Paco Cabezas: Yes. I knew some Angelito-type people who inspired the movie. I think the movie is a mixture of my real childhood and the movies I saw as a child like Raging Bull and Taxi Driver. It’s such a big deal to me to be in New York, because it was such a dream of mine when I was growing up in Seville. It was my dream that I was going to make movies and that I could come to the place where Scorsese made many of his great films.  

Tribeca: Can you talk about your experience at the 2011 Tribeca Film Festival? 

Paco Cabezas: At first, I was kind of worried that the New York audiences might not get all the humor and the jokes in Neon Flesh, or that maybe they were think it would be too cruel or over the top. It turned out that audiences here laughed more than they did in Spain. I was like a kid in a candy store. It was great to be at the Festival and to experience the movie with a crowd. It means so much to me to screen my film at Tribeca in the city where Robert De Niro and Martin Scorsese made those movies I loved when I was growing up. It all came full circle. It was such a special experience.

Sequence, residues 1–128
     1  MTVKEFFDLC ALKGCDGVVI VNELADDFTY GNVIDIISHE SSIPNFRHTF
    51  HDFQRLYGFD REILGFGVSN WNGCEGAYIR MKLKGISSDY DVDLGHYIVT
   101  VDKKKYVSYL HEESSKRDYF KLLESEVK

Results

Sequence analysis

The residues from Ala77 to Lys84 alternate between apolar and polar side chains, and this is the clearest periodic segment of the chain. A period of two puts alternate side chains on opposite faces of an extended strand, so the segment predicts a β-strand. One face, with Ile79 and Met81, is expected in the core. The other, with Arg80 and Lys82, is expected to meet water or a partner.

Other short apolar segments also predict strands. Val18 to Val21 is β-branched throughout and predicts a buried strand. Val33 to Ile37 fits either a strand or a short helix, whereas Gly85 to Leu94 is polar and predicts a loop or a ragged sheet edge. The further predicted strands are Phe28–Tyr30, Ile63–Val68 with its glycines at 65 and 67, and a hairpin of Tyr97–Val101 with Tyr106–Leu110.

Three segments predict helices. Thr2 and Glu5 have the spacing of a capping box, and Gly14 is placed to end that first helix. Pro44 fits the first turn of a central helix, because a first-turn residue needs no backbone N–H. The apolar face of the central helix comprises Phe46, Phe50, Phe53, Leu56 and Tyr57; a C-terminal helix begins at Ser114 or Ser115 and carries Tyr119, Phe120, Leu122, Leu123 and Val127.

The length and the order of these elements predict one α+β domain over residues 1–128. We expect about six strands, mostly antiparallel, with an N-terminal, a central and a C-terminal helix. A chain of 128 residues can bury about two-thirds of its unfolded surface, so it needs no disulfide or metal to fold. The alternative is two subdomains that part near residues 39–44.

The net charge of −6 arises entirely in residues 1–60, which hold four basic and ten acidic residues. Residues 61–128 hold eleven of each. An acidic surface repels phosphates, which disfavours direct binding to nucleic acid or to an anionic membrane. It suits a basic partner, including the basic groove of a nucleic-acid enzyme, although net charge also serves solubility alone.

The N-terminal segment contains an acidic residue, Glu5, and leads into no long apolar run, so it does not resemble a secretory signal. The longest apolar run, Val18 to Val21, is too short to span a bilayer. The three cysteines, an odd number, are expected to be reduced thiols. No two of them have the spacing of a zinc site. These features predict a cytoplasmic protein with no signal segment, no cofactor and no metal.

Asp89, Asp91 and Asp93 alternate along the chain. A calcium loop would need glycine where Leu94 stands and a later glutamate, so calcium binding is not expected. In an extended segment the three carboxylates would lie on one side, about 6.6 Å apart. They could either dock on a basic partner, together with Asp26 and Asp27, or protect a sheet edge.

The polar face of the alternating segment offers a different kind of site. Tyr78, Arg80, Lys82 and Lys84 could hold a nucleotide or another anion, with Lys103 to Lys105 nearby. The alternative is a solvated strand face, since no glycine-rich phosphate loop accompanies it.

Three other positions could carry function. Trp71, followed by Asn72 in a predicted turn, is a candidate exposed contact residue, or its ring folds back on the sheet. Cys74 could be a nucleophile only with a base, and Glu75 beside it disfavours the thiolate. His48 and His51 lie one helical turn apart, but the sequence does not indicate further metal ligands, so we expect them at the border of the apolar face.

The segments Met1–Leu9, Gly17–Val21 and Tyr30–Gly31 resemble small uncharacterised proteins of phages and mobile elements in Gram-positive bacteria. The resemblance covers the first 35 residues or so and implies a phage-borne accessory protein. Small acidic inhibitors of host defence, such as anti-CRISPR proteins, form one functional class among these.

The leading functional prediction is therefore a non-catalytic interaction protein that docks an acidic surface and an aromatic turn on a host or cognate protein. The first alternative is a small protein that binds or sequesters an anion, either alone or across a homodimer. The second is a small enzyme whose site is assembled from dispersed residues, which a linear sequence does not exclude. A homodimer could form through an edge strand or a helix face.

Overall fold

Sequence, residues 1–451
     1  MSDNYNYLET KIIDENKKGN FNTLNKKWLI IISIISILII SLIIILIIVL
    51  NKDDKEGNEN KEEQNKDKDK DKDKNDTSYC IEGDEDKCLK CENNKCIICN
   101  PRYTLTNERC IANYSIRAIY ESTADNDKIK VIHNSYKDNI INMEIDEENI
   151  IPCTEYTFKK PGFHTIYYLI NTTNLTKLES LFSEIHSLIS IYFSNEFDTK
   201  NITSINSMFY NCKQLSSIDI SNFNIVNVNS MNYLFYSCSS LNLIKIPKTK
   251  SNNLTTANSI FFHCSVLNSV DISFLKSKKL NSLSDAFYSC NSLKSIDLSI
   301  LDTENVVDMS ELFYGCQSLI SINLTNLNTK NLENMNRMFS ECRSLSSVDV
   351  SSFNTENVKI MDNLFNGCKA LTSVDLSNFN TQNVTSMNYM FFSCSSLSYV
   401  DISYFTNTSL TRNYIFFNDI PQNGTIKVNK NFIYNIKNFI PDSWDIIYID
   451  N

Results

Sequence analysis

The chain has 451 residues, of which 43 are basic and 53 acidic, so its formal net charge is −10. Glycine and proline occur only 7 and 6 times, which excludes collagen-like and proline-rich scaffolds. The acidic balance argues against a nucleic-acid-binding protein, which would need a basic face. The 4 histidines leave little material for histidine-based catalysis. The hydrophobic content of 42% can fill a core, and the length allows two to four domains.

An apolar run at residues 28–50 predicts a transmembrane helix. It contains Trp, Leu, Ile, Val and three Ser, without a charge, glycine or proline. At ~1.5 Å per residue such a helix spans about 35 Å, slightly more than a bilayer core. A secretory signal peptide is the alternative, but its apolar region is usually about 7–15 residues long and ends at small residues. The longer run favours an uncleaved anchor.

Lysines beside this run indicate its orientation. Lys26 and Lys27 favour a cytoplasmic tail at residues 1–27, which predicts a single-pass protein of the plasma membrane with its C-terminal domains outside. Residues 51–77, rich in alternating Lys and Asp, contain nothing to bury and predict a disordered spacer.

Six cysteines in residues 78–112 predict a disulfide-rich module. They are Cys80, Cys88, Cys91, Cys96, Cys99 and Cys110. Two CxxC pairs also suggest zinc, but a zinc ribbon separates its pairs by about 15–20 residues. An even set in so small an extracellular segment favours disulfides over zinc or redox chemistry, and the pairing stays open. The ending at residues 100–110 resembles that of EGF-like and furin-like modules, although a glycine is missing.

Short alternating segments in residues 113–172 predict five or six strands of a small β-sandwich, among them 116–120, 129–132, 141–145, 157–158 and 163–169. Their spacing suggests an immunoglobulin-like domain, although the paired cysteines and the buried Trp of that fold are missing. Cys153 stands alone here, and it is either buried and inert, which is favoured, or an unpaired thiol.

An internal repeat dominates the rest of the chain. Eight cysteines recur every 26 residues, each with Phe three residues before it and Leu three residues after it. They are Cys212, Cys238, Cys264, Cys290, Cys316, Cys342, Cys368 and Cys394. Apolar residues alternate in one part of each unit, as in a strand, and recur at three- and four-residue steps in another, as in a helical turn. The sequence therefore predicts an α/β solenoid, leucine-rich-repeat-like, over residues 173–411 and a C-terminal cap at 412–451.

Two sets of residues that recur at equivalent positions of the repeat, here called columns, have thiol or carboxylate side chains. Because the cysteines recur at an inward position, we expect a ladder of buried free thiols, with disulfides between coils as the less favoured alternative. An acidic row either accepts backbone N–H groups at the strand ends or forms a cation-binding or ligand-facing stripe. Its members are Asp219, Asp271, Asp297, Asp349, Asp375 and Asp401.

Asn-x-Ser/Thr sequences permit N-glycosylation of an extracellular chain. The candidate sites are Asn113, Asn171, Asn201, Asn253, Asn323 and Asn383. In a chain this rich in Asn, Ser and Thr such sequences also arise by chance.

Tribeca: What is your next project? Will you look for outside material or do you have an original script in mind? 

Paco Cabezas: The movie I can talk about is called Mr. Right, written by Max Landis who is the son of John Landis. It’s a script about a girl who meets the perfect guy who happens to be an assassin. She has no idea, and they start dating and fall in love. Of course, she finds out, but the guy has a crazy set of morals. He kills only people that hire him. I like that it’s a commercial romantic comedy with a lot of action and edge that has great visual potential. Like Kick-Ass, there is this great political incorrectness. I also have a script of mine that I’m working on. It’s a heist movie—I’m a big fan of that genre. It’s a mix of Ocean’s 11 and Neon Flesh.

Tribeca: Do you have any advice for aspiring filmmakers? 

Paco Cabezas: My advice would be put in as much action as possible. Maybe it’s more life advice, but I think that every time you find yourself asking what to do, the best answer is always action. You might think, “Should I try to ask this girl out?” Do it, don’t just think it. I never regretted trying to take action. When John Huston was on his deathbed, they asked him what he regretted and he said, “The only things I regret are the things I didn’t do.” You never know where life is going to take you. I would say, don’t go to film school.  Learn from the movies that you like, and spend your money to make a short film.  If you like Fight Club, watch Fight Club 100 times a day and learn from it.  Go ahead and make a short film. You only learn by doing.


Neon Flesh is now available on VOD, and will have midnight screenings in New York City at Village East Cinemas on February 24-25. Find out where you can watch it.